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Ullmann condensation



The Ullmann condensation or Ullmann ether synthesis is a variation of the Ullmann reaction, in which a phenol is coupled to an aryl halide to a diaryl ether in the presence of a copper compound.[1] The corresponding aniline or aryl amide reaction is sometimes called Goldberg reaction, named after Irma Goldberg.[2]

 

Additional recommended knowledge

An active copper powder that is required for this reaction can be prepared by the reduction of copper sulfate by zinc metal in hot water causing the precipitation of elementary copper.

 

Recently an Ullmann-type aromatic amination reaction between an aryl iodide and an aryl amine as coupling partners has been published.[5] The catalyst used is formed from copper(I) iodide and phenanthroline. As this reaction proceeds well with an electron-rich aryl iodide it is a valuable alternative to the Buchwald-Hartwig amination reaction, which gives best yields with electron-poor aryl halides.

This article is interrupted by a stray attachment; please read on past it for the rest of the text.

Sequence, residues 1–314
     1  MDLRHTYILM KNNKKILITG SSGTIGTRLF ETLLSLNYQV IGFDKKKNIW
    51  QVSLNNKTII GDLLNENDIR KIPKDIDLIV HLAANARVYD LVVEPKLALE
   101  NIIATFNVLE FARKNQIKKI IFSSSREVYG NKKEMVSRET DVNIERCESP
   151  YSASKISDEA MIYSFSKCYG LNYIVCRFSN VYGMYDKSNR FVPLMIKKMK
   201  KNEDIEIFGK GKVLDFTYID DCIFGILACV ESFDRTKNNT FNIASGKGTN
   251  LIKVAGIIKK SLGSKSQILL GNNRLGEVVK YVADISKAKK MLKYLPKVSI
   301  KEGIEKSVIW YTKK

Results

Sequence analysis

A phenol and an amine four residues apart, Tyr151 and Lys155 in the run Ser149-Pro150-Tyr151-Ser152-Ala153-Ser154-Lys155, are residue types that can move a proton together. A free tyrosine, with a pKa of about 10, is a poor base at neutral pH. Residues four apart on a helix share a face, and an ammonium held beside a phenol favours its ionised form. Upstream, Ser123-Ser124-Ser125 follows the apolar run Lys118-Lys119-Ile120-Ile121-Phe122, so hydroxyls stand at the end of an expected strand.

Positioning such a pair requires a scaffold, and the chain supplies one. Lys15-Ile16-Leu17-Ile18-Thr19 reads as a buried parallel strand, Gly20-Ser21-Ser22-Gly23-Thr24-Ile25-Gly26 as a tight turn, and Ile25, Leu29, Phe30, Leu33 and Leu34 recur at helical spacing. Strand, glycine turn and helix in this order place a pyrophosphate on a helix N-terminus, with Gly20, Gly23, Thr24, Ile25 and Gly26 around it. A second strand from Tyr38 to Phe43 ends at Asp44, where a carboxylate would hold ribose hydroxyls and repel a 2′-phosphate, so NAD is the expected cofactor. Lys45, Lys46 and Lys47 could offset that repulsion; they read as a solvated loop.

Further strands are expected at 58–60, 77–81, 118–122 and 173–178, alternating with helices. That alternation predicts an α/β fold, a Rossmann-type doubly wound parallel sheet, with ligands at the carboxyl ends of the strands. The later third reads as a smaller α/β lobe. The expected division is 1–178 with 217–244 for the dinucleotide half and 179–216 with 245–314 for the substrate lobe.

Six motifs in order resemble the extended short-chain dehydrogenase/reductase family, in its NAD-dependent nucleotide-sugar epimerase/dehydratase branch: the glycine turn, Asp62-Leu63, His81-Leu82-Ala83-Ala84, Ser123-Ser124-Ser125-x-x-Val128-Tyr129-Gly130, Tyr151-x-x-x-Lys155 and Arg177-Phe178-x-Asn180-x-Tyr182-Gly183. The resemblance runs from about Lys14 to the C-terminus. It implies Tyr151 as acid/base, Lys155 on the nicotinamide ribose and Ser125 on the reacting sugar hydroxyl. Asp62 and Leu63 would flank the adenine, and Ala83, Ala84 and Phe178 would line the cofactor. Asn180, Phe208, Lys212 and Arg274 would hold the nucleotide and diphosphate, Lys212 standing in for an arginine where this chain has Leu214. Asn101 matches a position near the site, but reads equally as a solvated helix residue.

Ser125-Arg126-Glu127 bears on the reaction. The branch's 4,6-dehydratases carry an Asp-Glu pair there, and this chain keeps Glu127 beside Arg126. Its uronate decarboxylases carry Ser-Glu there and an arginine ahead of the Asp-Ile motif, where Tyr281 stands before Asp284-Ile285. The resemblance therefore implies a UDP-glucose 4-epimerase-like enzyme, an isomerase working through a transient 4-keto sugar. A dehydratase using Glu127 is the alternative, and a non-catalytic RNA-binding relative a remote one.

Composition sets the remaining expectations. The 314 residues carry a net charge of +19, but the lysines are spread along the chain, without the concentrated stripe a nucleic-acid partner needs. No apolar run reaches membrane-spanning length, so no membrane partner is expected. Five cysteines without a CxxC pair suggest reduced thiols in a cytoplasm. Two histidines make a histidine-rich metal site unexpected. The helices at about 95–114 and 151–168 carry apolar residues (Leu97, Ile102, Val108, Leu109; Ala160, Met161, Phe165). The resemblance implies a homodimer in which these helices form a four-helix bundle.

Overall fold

References

  1. ^ Fritz Ullmann and Sponagel, Chem. Ber, 1905, 38, 2211.
  2. ^ I. Goldberg, Chem. Ber. 1906, 39, 1691.
  3. ^ Ray Q. Brewster and Theodore Groening, "Ether, p-nitrophenyl phenyl", Organic Syntheses, Coll. Vol. 2, p.445 Online article
  4. ^ C. F. H. Allen and G. H. W. McKee, "Acridone", Organic Syntheses, Coll. Vol. 2, p.15. (Online article)
  5. ^ H.B. Goodbrand, Nan-Xing Hu, "Ligand-Accelerated Catalysis of the Ullmann Condensation: Application to Hole Conducting Triarylamines", J. Org. Chem 1999, 64, 670-4. DOI
 
This article is licensed under the GNU Free Documentation License. It uses material from the Wikipedia article "Ullmann_condensation". A list of authors is available in Wikipedia.
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